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NoobieRider

Short rider looking for lowering suggestions

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NoobieRider

Hello all,

I'm a total newbie with bikes and am currently taking an MSF course for familiarization and for obvious licensing reasons. Anyway, before taking my course I bought a 2017 FZ-07. I wanted something I could develop my riding skills into without having to upgrade down the road anytime soon. I found the stock height to be a bit too high for me causing me to tippy-toe and that's not comfortable. I'm 5"4" tall and weigh between 150-155lbs without gear. In my class I'm using a Honda Grom and that's the perfect height for me. If anyone could help me, what should I do to lower my bike to an acceptable level where I can flat-foot the ground? I've searched and found an adjustable lowering link by Soupy and a kit made by Hyperpro but I would rather get some input from the more experienced riders out there. And as I have not ridden the bike yet (Odometer states 0.8 miles :D ) I really have no experience into how the suspension feels either. Many say the setup is just bad but I wouldn't know just yet. Is the stock suspension suitable for daily commutes mostly on paved roads or should I look into a more refined setup? Thanks in advance!!

Edited by NoobieRider

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sen07

Hi there fellow shorty. Im 164cm barefoot, 5’4  should be close as mine. I also bought the bike bfre taking the 500cc> License class. Ive always want the 07 since 2015 but only have the money this year so..im noob too so here’s my take, you dont need the lowering kit. U could do just fine with your height. Yes it would be awesome and jealousy sometimes to see other rider to be flat footed at stops and traffic light but dont let it down ya. 

 

We’re ‘shorty’ sometimes better than those talls one, how so? We do more planning! We plan where to stop and when. Know which to plant what foot better. When to take off at the perfect time. Yes it would be frustrating sometimes but u will get use to it.. give it more times and you’d get better at it. It takes time alright, if i can do it so can u bro. Confidence is the key, ride slow first. You’ll progress! Good luck!

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thedriver1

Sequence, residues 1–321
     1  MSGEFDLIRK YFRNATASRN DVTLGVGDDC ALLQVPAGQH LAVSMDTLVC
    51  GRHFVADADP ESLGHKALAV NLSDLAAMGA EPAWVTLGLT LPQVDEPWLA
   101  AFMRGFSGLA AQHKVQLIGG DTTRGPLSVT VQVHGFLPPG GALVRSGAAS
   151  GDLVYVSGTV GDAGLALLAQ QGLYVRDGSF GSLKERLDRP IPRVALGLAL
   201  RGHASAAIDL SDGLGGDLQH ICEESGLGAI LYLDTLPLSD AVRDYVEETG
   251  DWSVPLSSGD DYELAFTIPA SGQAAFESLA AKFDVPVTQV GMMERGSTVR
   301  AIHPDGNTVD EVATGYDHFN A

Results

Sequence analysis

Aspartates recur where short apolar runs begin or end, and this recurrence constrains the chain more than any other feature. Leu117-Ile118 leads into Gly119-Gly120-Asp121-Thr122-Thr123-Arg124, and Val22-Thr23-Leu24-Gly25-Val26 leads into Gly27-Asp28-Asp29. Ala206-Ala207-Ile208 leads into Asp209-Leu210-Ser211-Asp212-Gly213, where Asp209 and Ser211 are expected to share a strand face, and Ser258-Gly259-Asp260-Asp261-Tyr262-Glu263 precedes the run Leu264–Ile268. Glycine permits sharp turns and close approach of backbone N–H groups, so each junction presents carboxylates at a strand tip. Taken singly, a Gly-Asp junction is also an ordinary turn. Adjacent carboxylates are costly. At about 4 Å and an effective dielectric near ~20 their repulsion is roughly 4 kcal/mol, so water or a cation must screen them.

I'd say the suspension should should be fine, especially for a new rider. I weigh about 130-140 lbs without gear and I've been commuting on the bike a few times a week for the last year, plus a few longer rides. I replaced the seat to make it more comfortable but aside from that it works perfectly in traffic.

 

Just ride it and enjoy it, then you can make upgrades where you personally feel the bike is lacking. If you need it, some companies make lowering links though I have no experience with those.

 

One mod you might want to consider is frame sliders, if you drop the bike coming to a stop or maneuvering in a parking lot (been there), it won't damage anything.

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Thrasherg

My wife is 5'2" and like you found the bike to be a bit high, I purchased a lowering kit (new dogleg for rear shock) and an adjustable side stand, from a local Dallas company called T-rex, cost was about $220 and it worked really well, the kit lowered the seat about 3cm (just over an inch) and I dropped the forks 1/2 inch in the yokes, the adjustable side stand now means the bike still leans at a reasonable angle when parked (stock stand was too long after lowering the bike). She can touch the floor very easily and it seems to handle fine, no sign of any steering wobble and the steering does not seemed to have slowed, so a good compromise. I did relocate the stock number plate and lights as they seemed very close to the rear wheel after lowering it, with a tail tidy kit, so it looks better and fits its rider better. a very worthwhile job for those with short legs.

 

Gary

Edited by Thrasherg
spelling mistakes.
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markstertt

The aftermarket lowering kits that use a modified 'dog leg' upper link will have a lengthened upper leg that will not only lower the rear but also give a stiffer ride due to leverage ratio change. If this is a problem for you, then a better way to go would be the aftermarket or homemade lower steel link (dog bone?) which will lower or raise the rear end depending on choice of position while not actually changing leverage ratio. I found that a 6mm shorter lower link raised the rear approx. 3/4", I have yet to try the longer setting but would suspect about a 3/4" lowering of the rear. These specs were for a homemade link, I'm not sure how they compare to the store bought links dimensions. Just for grins I tried a 1/2" shorter leg for the upper run on the alloy dog leg lever which resulted in about 7/8"-1" raising of the rear and a slightly more compliant ride due to the leverage ratio changing in favor of the swing arm over the shock, like going to a softer spring of say about -25# or so. This also resulted in more rear wheel travel but there was still room under the rear for full travel. Just thought you might benefit from my experiences in case you noticed a change and wondered what was up.

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mjh937

I cannot speak to lowering as I do not have that problem, but as a new rider when I bought my bike three years ago I thought the suspension was fine.  A year or so of experience made me think it needed work and I am getting to the point we I am planning on doing something this winter.  As you gain experience and confidence you will start to see the shortcomings of the suspension and eventually decide to do something about it.  The good news is there are a lot of options (actually that is a mixed blessing as it means a lot of research is required to find the best solution for you...I am still not sure what I want to do to upgrade mine but I expect I will figure it out).